Food security for your family during COVID-19
The COVID-19 pandemic has caused a whirlwind throughout the United States, forcing many Americans to adjust to a “new normal.”
Parents who typically rely on schools and childcare facilities to care for, and to feed, their children have been notably impacted.
While the logistics of virtual classrooms have proved challenging, millions of families are also dealing with the loss of school meal programs.
“Missed meals can lead to fatigue, decreased concentration, and reduced immune response, factors that all impact academic performance,” says Dr. Alexander Ford, an osteopathic physician and registered dietician. “Nutrition is the backbone of good health, and you can—and should—talk to your doctor about food insecurity.”
The pandemic has placed many children at a further disadvantage, making access to nutritious food even more difficult and magnifying nutrition pitfalls. However, resources are available for families.
Curbside pick-up may be available
Many school districts have implemented curbside pick-up at school sites. Others have been delivering meals along school bus routes or to neighborhoods at set times. Despite these efforts, access to meals is still a challenge in many areas. For some districts, the number of “grab-and-go” sites are outnumbered by the schools they serve, notes Dr. Ford. There are other options.
Check local organizations, not just food banks
Community partnerships are essential in supporting school districts with meal delivery. As an example, in Upstate New York, community organizations like the YMCA, 4th Family, and The Albany Fund for Education have alleviated some of the burden surrounding food insecurity by supplying meals to families.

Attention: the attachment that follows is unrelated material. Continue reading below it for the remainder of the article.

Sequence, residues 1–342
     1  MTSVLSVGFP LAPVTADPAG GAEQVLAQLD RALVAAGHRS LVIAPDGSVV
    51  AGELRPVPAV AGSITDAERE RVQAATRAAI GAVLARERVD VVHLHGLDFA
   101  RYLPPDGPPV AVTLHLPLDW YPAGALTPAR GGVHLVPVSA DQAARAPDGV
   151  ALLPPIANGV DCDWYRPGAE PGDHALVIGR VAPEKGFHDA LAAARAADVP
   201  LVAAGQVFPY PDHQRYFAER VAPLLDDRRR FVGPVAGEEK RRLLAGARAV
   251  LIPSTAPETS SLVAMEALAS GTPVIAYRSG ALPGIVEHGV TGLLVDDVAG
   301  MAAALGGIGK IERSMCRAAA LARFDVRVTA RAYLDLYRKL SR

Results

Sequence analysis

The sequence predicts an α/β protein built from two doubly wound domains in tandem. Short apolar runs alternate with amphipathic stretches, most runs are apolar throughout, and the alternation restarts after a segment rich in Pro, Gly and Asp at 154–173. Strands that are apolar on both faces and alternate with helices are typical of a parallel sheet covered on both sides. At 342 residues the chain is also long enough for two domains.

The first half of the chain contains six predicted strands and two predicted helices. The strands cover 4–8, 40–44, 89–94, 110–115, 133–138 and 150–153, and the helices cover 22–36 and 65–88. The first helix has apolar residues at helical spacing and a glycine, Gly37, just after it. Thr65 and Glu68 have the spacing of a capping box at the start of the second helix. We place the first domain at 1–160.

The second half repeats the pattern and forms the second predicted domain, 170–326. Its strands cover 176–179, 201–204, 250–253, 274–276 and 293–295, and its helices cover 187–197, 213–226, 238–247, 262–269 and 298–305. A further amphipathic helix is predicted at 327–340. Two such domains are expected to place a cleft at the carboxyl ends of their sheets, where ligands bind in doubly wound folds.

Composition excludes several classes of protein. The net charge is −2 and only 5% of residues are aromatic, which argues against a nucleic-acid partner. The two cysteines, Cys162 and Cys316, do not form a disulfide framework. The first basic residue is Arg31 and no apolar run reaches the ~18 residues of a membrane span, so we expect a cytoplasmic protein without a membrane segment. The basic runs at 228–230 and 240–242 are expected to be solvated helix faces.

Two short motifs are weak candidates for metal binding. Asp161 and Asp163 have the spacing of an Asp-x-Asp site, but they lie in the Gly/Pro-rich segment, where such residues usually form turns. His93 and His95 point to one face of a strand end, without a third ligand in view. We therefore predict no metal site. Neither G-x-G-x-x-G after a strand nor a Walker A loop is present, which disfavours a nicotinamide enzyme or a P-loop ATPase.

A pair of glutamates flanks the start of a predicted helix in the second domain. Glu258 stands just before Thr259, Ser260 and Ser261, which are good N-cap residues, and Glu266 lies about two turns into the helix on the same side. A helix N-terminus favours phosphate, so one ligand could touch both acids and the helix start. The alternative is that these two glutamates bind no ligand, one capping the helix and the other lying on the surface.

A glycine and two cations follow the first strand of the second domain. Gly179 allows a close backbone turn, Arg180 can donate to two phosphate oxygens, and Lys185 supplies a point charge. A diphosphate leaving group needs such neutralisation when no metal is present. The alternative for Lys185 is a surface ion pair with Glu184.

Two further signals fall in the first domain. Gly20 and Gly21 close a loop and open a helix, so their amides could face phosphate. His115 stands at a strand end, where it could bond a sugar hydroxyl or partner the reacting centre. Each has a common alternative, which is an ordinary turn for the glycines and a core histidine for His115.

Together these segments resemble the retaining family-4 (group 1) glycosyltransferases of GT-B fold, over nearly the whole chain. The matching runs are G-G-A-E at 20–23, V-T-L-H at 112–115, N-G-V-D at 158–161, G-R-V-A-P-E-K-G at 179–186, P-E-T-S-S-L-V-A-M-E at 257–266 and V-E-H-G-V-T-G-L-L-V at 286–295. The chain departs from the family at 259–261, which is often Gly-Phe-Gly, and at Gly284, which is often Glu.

“Connect with healthcare providers and the local government to identify resources that may be available in your local community,” says Dr. Ford, who is a native New Yorker.
The USDA offers a meal finder tool
The USDA has developed an online mapping tool called the “Meals for Kids Site Finder” to conveniently find meal sites in local areas. The site finder is free and allows users to enter an address, city, state, or zip code to find nearby locations, hours of operation, contact information, and directions.
How to boost health at home
Meal planning saves time and allows the opportunity to develop healthy meals that are also enjoyable. When developing a shopping list, it is helpful to consider recipes that include ingredients from each of the five food groups, notes Dr. Ford.
The food groups include fruits, vegetables, grains, dairy, and protein. High fiber grains, such as whole-grain cereals and bread, are excellent, says Dr. Ford. Other options are brown rice, wheat pasta, oats, and quinoa. Recipes that incorporate whole grains with lean protein, vegetables, and fat, offer balanced and nutritious meals, for improved satiety and sustained energy.
Canned goods provide nutrition and value
Protein options like canned tuna and salmon or canned beans, nuts, and seeds are healthy and long-lasting. Eating fresh, frozen, and canned vegetables are all ways to meet daily vegetable recommendations. Healthy oils like olive oil, canola oil, and fish oil can be integrated into recipes to enhance nutritional value and heart health.
When choosing to eat out, avoid descriptions like “battered,” “crispy,” or “breaded,” says Dr. Ford.
These words are often associated with frying and higher amounts of fat and calories.
Moreover, meals described as “creamy,” and “cheesy” should also be limited and are typically higher in cholesterol and saturated fats. Food items that are grilled, baked, and steamed are lower in fat and calories and are healthier options.
Beverages like unsweetened coffee, tea, water, and seltzer provide calorie-free hydration. Sauces and dressings should be requested on the side to control the number of added calories to your meal. Eating takeout meals on plates instead of containers is another approach to portion control and calorie management.
Food is fuel
“More than ever, it is crucial to provide our bodies with the sustenance needed to support immunity,” says Dr. Ford. “As we adapt to a new reality, we must prioritize our mental and physical health. Nutritious food helps achieve that objective.”